# The half-life of an element is 5.8 x 10^11. How long does it take a sample of the element to decay to 2/5 its original mass?

Dec 1, 2016

The expression for the first-order decay of a population is
$\frac{A}{A} _ 0 = {e}^{- k t}$
where the rate constant $k$ is related to the half-life by
$k = \ln \frac{2}{t} _ \left(\frac{1}{2}\right)$

#### Explanation:

In the question, the half-life should have units of time. Let's assume that the half-life is $5.8 \times {10}^{11} s$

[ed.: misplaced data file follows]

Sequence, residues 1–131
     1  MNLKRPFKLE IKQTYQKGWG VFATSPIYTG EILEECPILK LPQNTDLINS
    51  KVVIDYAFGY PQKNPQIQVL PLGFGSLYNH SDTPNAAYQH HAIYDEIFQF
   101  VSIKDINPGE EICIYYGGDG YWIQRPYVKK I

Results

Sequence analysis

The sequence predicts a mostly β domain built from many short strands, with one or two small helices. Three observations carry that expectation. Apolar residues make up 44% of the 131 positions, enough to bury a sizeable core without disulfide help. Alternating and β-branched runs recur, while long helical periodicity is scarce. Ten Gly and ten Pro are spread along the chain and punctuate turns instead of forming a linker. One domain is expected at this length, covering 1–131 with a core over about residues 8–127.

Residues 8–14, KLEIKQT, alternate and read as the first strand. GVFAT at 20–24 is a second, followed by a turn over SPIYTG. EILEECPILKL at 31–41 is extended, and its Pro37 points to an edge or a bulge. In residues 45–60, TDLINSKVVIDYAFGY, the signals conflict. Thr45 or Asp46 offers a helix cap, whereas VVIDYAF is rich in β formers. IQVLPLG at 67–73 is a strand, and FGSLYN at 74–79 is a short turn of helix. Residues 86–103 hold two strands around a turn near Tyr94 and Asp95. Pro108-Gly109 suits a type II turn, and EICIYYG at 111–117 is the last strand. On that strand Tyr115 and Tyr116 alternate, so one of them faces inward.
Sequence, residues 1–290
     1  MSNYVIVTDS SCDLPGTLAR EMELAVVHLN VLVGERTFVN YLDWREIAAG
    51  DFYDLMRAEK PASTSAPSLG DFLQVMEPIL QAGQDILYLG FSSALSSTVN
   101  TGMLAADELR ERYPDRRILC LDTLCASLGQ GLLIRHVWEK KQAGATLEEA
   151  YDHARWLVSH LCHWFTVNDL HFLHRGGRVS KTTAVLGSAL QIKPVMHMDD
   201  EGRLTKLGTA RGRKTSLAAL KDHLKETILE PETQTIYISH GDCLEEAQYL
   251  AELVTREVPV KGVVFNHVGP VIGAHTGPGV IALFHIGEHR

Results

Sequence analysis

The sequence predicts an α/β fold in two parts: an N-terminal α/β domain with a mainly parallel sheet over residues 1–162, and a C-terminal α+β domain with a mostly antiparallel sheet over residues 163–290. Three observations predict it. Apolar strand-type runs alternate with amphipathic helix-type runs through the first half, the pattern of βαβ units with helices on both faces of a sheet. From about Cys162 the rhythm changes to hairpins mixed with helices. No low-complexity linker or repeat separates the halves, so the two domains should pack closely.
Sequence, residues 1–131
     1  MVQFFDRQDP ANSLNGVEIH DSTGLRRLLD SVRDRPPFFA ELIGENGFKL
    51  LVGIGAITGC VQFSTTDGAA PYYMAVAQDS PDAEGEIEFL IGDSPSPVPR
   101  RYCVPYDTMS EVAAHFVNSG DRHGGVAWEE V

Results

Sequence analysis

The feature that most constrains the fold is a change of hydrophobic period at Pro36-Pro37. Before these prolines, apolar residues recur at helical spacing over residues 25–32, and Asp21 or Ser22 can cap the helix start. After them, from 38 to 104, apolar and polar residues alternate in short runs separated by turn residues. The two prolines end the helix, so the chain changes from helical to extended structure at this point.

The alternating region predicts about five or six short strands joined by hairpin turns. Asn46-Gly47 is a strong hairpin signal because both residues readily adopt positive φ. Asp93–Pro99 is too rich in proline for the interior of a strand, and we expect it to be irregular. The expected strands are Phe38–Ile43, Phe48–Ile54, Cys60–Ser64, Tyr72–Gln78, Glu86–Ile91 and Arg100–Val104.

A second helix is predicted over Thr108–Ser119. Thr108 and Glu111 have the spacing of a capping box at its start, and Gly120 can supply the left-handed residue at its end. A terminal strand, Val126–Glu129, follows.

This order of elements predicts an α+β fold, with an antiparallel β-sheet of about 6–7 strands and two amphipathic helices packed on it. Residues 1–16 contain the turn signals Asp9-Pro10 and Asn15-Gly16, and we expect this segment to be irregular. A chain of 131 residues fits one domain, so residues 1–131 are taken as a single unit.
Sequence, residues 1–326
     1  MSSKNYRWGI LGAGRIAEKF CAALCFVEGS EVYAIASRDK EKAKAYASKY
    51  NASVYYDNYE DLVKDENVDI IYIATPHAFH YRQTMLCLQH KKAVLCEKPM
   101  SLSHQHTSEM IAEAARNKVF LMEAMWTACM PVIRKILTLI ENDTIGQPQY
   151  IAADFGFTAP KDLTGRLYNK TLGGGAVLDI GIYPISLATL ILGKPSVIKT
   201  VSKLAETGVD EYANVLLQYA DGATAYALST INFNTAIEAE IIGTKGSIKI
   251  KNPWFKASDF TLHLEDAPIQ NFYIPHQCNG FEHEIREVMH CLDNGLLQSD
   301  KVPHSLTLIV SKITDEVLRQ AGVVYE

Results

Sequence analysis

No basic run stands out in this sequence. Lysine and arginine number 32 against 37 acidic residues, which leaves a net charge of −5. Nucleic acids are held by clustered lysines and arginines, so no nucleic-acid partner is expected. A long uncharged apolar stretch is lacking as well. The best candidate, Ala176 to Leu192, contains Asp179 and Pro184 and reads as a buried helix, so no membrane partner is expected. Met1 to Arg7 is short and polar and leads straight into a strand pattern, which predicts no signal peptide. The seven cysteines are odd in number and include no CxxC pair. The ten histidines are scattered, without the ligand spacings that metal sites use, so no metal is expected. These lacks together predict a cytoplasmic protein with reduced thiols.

In this case, the value of the rate constant is
$k = \ln \frac{2}{t} _ \left(\frac{1}{2}\right) = \ln \frac{2}{5.8 \times {10}^{11} s} = 1.20 \times {10}^{-} 12 {s}^{-} 1$

Using the first equation, we can find the time, $t$ at which the fraction of remaining atoms is $\frac{2}{5}$.

$\frac{2}{5} = {e}^{- \left(1.20 \times {10}^{-} 12 {s}^{-} 1\right) \left(t\right)}$

Solve for $t$ by first taking the natural logarithm of both sides:

$- 0.92 = - \left(1.2 \times {10}^{-} 12 {s}^{-} 1\right) t$

$t = \frac{0.92}{1.2 \times {10}^{-} 12 {s}^{-} 1} = 7.67 \times {10}^{11} s$